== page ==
Later on, Michael Williams of Wheeler Trigg O’Donnell LLP (which represents Whirlpool) described some of the challenges around fixed fees and where firms might avoid rigid fee structures:

“The two biggest challenges were, one, working on consumer class actions that by their very nature are hugely unpredictable. Tiny decisions on discovery, for example, or procedural motions can have an enormous impact on how the case proceeds … If I were to say one thing we’d do differently, we probably would have spent more time brainstorming what could go wrong from the law firm side … There have been years where we had a one-size-fits-all approach, and that worked great for the client and not as well for the firm.

“The second thing is, we didn’t fully appreciate how much closer to the business it would bring us. It really has made us an extension of the in-house law department, and has encouraged the business and the engineering community to pick up the phone and call us, which has been wonderful. … I believe we have actually avoided case filings and reduced risk in numerous cases as a result of that collaboration.

“One thing that’s come out of that is essentially a fixed consulting fee to encourage even more of that, so that folks don’t think that there’s any cost added. That was something that was added to the program in the middle of the five-year period.”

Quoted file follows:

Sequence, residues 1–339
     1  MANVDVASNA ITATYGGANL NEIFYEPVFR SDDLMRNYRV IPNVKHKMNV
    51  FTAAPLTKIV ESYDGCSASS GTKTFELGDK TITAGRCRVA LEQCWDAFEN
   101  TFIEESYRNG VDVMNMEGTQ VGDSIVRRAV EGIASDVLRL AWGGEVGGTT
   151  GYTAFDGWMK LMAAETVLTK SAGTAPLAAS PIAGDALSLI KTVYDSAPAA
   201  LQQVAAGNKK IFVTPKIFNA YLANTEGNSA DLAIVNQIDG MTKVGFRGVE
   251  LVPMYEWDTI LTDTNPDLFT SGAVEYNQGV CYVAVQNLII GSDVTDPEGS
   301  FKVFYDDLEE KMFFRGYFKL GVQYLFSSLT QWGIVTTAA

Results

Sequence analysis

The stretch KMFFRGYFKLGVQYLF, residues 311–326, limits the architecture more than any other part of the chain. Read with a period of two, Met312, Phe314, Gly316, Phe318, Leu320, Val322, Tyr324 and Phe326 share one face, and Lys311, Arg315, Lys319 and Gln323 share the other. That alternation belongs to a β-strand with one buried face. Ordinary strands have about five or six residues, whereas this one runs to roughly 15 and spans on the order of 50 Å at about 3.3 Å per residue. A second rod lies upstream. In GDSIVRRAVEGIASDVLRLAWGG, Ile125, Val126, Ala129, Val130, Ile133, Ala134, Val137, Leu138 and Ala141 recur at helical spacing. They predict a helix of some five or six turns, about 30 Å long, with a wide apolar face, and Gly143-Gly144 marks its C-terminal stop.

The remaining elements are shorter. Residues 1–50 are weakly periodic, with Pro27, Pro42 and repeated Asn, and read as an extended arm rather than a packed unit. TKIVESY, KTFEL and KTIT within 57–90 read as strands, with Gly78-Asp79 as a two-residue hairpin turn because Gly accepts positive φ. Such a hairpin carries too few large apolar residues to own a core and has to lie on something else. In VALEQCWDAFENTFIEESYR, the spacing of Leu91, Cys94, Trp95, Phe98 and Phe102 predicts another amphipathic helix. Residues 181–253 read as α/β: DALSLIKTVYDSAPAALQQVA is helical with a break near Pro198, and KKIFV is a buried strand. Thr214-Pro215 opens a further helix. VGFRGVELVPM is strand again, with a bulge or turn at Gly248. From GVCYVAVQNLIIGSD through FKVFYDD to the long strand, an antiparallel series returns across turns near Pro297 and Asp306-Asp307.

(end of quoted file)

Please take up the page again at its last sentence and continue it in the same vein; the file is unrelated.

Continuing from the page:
A little while later, Bob Harcut of GlaxoSmithKline talked about the company’s electronic reverse auction procurement process, and the developing relationship between the company’s legal department and its procurement department. … One particularly insightful piece of advice suggests appointing what Harcut calls a SPOC:

“One of the lessons that I’ve learned over the past seven years is, in order to make this relationship work, it’s very important for the law department to appoint someone to act as the single point of contact, or what I like to call a SPOC, to work with procurement and be a conduit through which the ideas and tools of procurement make their way into the law department. So our procurement folks don’t contact anyone in legal unless they do it through me, so I’m the SPOC. …. Having someone serve as the SPOC in the law department can really pay dividends because the lawyers know that I understand what they and outside counsel do … so I can act as the buffer and translate the procurement-ese into concepts that will work with my law department colleagues.”

When asked whether top law firms (think Magic Circle and White Shoe) will ever accept alternative and fixed fee arrangements, Ellen Rosenthal of Pfizer reminded the panel that the company’s Legal Alliance includes some big names indeed:

“I would just like to point out that members of our alliance include firms like Clifford Chance, DLA Piper, Ropes & Gray and White & Case, among other top firms. … They participate in the Pfizer legal alliance on a purely flat fee basis.”

Dennis Lynch of Tyco then chimed in with the company’s own preferred-rate arrangement with Eversheds, and Bob Harcut of GSK mentioned that the company’s reverse-auction process has enjoyed participation from 84 firms, many of which can be categorized “White Shoe” or “Magic Circle.”

Again, full audio of the webcast is available from the ACC.

-David Dias